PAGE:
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Architecting DApps on the EUTXO ledger

Taking a closer look at ways of DApp architecture on Cardano

16 November 2021 Jean-Frédéric Etienne 5 mins read

Architecting DApps on the EUTXO ledger

Following up on our recent blog post about Cardano’s performance and ledger optimization roadmap, we prepared a deeper technical dive into the architecture of the EUTXO ledger.

Here, we offer an example architecture and also discuss possible improvements that will boost transaction throughput and minimize delays in transaction processing.

Cardano’s EUTXO model is a solid basis for decentralized finance (DeFi) and decentralized applications (DApp) development as it facilitates parallel transaction processing, which enables greater scalability than compared to account-based models, as well as providing enhanced security settings.

However, using a design or mechanisms applicable to account-based systems rather than the EUTXO model (in particular, when building decentralized exchanges) may result in contention issues. This results in a situation when a new transaction is dependent on the output of a previous transaction thus causing delays, especially if there is a large number of transactions. To eliminate this issue, developers should avoid using a single-threaded state machine style and design applications specifically taking into account EUTXO properties.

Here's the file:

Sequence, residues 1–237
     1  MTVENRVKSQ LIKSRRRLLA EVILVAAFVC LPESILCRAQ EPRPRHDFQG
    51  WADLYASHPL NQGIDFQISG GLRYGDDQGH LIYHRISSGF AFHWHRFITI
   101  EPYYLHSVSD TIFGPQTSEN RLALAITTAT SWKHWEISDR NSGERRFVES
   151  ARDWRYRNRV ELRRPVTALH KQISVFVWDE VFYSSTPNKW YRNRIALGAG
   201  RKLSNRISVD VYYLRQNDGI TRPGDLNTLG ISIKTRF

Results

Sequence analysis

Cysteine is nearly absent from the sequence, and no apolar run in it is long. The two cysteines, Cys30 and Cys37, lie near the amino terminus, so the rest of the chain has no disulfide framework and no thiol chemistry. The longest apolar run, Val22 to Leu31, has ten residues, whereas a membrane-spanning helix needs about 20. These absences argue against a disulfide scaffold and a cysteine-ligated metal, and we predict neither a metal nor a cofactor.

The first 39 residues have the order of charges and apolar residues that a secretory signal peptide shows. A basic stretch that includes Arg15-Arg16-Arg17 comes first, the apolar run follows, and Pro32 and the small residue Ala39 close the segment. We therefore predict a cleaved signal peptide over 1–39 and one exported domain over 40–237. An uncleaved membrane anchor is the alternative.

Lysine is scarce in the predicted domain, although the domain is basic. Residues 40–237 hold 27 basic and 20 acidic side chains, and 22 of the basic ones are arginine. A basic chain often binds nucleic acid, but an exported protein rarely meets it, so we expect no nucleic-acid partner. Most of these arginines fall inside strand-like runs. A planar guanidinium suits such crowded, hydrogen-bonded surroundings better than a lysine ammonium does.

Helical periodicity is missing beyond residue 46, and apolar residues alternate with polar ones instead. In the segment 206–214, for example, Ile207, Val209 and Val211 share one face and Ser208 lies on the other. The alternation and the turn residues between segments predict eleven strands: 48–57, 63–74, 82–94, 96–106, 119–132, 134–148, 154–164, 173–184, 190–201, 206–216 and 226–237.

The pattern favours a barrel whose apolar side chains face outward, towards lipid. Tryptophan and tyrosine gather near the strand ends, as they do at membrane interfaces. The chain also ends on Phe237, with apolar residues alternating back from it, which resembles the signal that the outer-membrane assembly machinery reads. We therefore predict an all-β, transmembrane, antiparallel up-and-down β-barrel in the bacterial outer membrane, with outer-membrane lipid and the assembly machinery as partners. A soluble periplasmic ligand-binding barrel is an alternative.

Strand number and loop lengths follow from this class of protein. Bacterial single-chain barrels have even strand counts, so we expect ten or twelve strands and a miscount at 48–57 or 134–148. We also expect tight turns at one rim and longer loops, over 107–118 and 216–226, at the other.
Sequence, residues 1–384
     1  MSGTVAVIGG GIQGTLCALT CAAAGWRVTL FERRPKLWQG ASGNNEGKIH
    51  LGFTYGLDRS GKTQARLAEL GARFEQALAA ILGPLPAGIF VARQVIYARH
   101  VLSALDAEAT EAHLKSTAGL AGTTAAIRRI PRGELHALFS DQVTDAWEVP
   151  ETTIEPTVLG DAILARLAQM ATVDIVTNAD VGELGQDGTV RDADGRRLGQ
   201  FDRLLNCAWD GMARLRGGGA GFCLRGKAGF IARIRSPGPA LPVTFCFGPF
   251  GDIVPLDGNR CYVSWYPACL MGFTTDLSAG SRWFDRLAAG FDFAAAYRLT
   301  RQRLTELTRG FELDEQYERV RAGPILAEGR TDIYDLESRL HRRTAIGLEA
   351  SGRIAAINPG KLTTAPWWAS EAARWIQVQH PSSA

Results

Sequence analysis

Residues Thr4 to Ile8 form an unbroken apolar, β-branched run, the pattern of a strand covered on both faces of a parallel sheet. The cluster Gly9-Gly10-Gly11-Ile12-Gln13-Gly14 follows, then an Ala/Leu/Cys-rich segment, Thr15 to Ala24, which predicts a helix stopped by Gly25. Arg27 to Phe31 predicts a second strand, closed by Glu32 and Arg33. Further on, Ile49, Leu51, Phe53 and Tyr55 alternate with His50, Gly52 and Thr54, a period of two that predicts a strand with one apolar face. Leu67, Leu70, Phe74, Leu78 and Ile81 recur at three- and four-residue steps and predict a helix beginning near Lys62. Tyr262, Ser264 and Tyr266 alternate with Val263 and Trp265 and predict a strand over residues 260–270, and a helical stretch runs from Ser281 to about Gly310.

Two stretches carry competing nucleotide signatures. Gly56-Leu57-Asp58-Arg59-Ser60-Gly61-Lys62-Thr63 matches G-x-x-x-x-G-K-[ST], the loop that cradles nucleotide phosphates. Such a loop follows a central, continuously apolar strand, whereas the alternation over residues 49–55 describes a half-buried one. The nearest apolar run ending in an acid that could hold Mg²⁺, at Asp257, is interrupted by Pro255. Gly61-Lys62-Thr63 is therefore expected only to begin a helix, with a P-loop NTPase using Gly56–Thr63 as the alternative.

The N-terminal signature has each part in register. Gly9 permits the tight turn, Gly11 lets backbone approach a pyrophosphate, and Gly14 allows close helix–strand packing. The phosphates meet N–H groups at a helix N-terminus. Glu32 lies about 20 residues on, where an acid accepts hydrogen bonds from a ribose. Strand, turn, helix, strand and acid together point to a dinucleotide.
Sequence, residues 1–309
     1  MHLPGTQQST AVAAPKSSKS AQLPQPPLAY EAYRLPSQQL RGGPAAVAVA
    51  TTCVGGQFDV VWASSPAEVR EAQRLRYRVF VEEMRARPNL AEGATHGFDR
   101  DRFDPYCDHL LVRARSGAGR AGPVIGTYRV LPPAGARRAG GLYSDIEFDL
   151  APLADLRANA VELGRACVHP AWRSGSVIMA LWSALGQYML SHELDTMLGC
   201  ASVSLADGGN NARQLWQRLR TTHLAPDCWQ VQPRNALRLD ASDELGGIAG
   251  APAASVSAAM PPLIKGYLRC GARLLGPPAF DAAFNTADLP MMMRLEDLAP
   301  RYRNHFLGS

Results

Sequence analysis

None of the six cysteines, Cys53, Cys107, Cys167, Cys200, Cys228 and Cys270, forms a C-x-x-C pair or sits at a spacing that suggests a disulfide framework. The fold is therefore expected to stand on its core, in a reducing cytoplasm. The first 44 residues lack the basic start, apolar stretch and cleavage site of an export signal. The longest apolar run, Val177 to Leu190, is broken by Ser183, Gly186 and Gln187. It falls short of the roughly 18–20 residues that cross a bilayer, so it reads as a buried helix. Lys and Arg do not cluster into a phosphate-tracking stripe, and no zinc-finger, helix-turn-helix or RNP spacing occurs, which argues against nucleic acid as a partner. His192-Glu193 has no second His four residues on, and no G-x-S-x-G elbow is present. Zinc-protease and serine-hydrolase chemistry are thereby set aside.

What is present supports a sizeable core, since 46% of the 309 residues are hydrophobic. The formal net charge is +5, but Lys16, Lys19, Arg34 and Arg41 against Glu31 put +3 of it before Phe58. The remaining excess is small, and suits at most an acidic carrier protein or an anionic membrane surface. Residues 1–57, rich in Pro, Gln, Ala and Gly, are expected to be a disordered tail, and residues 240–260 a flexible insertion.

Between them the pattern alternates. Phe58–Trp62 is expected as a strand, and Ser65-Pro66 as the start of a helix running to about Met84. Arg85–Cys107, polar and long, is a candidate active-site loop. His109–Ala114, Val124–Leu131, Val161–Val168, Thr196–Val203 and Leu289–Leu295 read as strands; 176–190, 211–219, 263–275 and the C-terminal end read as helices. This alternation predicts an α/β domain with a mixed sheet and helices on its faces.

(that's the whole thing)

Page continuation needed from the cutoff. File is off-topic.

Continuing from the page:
What does a well-formed architecture look like?

An order book pattern is one of the approaches applicable to DEX development if compatible with smart contract logic. And most of the protocol architectures evaluated and presented in SundaeSwap’s blog post, rely on a general approach whereby:

  • a user locks funds in an intermediate script (which we will call the request script) together with a description of the submitted orders (e.g., token or datum)
  • a third party (referred to as a batcher) aggregates the orders sitting at the request script into one single transaction such that:

    • the locked orders are spent together with the UTXO holding the global state of the main script (e.g., liquidity pool) to be updated
    • results of executed orders are sent back to the original users
    • a new UTXO holding the updated global state resides at the main script address

When adopting such a batching pattern, one should bear in mind that, whenever N orders sitting at the request script are consumed within a single transaction, the request script will be executed N times on transaction submission. Moreover, the memory limit check (triggered when the transaction is submitted) is realized by aggregating the memory consumption for each single request script execution, for the main script execution, and for any MintingPolicy scripts that may also be executed (i.e., according to protocol design). Additionally, the same transaction context, which is proportional to the number of orders spent, will be passed as an argument for each script execution.

Although this is a good approach, there are possible improvements to make it even better.